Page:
DON'T BE STRICTER THAN GOD
Believers want to glorify God and abase themselves. This is a proper, of course. The Bible says so. But in doing this, we often make God harder than He is. We make Him unhappy with anything less than perfection (or the nearest thing to it).
But is this how God is? How He really is? Is the Lord so demanding that everything we do is unacceptable to Him? That everything is riddled with sin so that "All our righteousnesses are as filthy rags before Him?"
If we're trying to justify ourselves to God by good works, then-yes-our best works are condemned. But, if we're trying to please our Father through Christ, then-no-our imperfect works are not "As an unclean thing to Him". The Bible says just the opposite. Philippians 4:18 is a good example:
"The gifts you sent a sweet-smelling aroma, an acceptable sacrifice, well-pleasing to God".
Were the gifts perfect? No. Could they have given more? Or more from the heart? Of course they could have. Yet-despite the imperfections-they are.what? "Stinking to God-but He puts up with them anyway?" No. They're a "sweet-smelling aroma" to Him. Does He "tolerate" them-but just barely? No. He "accepts them" and is "well-pleased" by them.
Don't be stricter than God! Don't make Him look like a Cosmic Meany to your kids! As though He takes pleasure in finding faults and yelling, "Not good enough!"
"Some look so much at the glory of perfection which they lack, that their present grace seems like nothing to them."
This is especially true when it comes to faith. Serious-minded believers are so worried about traces of unbelief that they can't see the true faith they have.
"Mistake not the nature of true faith as though it were such a trust in Christ as to always have a quiet mind. They think they have no faith when they lack this peace of mind".
Would to God that we all had enough faith to remove mountains! But we don't-most of us don't, at least.
But it's good to know that "little faith" is still faith. And that faith still justifies the sinner and makes him acceptable to God for Christ's sake.
If you want to examine yourself better, don't be stricter than God. That's Number Three. If He accepts your little faith and impure works, you accept them too! Let the Pharisees keep the standards high, "This Man receives sinners". That's Number Three.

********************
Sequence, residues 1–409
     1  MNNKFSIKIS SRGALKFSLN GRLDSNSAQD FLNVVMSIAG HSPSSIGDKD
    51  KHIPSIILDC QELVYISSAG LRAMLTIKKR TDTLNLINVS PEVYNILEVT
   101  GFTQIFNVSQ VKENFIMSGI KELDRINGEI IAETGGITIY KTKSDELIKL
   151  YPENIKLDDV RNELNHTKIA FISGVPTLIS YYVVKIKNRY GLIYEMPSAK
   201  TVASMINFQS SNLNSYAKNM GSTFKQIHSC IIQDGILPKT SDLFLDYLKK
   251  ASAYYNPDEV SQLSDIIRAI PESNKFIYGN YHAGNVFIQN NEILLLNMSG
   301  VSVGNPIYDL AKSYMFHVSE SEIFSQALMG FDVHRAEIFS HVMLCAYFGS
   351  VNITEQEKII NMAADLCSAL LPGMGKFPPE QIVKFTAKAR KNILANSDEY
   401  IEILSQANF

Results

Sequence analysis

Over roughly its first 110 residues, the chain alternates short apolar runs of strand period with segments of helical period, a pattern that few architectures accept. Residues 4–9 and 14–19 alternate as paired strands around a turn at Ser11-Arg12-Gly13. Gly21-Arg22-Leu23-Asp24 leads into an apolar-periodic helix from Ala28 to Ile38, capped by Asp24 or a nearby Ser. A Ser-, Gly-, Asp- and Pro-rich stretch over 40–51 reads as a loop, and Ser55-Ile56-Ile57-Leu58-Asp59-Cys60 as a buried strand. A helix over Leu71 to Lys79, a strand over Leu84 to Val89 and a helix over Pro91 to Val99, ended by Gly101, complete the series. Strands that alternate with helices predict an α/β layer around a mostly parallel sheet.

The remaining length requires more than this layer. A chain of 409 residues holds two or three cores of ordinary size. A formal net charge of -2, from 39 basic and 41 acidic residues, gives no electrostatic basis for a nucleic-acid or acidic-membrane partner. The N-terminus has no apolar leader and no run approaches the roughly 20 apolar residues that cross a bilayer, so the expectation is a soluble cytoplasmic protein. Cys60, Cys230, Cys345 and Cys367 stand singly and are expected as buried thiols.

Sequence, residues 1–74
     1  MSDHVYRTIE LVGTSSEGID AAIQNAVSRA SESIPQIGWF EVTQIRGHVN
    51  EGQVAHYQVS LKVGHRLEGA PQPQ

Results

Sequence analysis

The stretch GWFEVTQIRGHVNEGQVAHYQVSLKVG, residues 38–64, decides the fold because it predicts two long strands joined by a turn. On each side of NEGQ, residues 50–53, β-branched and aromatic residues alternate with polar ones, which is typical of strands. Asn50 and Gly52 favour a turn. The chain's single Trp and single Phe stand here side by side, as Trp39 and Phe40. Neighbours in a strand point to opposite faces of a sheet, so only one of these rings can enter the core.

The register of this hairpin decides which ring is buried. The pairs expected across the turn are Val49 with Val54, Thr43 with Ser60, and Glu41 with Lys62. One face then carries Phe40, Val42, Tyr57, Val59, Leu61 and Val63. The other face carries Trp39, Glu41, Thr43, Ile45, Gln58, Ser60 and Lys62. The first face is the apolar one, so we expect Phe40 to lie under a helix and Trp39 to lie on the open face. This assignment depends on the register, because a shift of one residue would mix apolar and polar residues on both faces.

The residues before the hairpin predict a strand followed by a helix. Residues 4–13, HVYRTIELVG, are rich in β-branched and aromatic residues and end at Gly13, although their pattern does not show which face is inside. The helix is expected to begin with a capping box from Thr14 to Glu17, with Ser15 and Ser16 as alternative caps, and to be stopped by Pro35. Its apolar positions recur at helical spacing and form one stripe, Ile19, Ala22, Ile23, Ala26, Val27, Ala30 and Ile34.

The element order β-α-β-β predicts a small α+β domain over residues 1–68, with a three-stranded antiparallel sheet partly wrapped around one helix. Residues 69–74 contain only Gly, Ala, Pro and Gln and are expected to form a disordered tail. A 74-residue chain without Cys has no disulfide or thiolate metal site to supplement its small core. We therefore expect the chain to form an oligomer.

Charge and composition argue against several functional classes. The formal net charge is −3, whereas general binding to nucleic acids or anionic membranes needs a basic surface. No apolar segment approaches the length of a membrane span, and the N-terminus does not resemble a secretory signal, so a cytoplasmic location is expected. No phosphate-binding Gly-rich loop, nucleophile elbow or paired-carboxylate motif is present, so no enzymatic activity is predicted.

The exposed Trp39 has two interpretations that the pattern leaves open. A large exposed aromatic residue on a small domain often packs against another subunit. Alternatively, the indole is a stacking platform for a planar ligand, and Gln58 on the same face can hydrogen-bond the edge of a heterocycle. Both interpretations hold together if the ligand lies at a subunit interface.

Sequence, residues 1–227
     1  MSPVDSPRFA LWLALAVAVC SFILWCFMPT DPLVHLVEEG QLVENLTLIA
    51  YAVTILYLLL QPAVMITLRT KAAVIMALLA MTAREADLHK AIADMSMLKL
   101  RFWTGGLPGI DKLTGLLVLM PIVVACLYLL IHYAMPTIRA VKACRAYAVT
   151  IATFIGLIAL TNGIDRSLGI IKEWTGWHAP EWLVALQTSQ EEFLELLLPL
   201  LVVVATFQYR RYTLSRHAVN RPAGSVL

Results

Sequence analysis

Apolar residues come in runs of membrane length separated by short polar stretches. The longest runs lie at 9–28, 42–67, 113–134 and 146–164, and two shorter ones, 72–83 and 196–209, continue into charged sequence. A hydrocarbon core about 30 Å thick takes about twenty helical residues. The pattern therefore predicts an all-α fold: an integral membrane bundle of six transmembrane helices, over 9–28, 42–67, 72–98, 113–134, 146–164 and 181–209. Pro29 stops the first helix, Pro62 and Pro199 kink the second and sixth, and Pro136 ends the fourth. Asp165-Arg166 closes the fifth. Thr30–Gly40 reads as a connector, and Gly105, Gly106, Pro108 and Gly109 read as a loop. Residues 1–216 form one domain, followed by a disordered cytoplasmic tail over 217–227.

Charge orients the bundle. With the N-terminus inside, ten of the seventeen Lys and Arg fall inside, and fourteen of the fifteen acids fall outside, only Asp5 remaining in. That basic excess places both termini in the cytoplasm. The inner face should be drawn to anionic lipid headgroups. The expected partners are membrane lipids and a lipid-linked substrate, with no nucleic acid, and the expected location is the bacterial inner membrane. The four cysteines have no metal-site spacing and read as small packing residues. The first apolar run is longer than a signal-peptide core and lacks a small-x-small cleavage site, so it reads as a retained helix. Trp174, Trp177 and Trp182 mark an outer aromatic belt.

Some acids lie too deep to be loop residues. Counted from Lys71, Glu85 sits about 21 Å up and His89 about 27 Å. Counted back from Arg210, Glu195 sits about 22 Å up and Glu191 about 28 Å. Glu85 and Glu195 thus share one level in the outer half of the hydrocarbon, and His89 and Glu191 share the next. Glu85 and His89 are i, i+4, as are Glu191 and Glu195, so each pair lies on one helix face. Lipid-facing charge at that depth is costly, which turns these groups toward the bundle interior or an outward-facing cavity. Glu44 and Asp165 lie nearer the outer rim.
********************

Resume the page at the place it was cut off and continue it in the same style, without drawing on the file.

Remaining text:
KEEP GOD'S GRACE IN MIND
In one way self-examination is different than a physical exam. In the physical, I want the doctor to keep an eye on me only. But, in the examination of my soul, I've got to keep one eye on me and the other on Christ.
If I look only at myself, I despair. But, if I look at myself-and Christ at the same time, then I can rejoice that "Where sin abounded, grace did much more abound".
"When you cannot reach assurance [think of] the sufficiency of Jesus Christ our Mediator and the gift of pardon that is offered in the Gospel".
The believer should never examine himself as he is. But only as he is in Christ!
Some will say this is too optimistic. But it isn't; it's realistic. For the believer is-objectively is and will always be-"In Christ". And therefore-as Martin Luther said-
"Simultaneously sinful and just".
That's Number Four: If you want to examine yourself better, put one eye on yourself and the other on Christ.
PUT SELF-EXAMINATION TO GOOD USE
What is self-examination for? It's not for torturing yourself (though at time it may be painful). It's not for controlling people (though some pastors put it to that use). No, self-examination is for holiness.
You look at yourself in order to confess your sins and.do better next time!
"Let all of your discoveries lead you to further duties. If you find any cause of doubt, let it quicken you to diligence in removing it. Stop not at the bare knowledge of your present state, as if it had no more to do".
That's it for our study of Self-examination. Let me underline the main points:
Do these things. And the love of God be with you. For Christ's sake. Amen.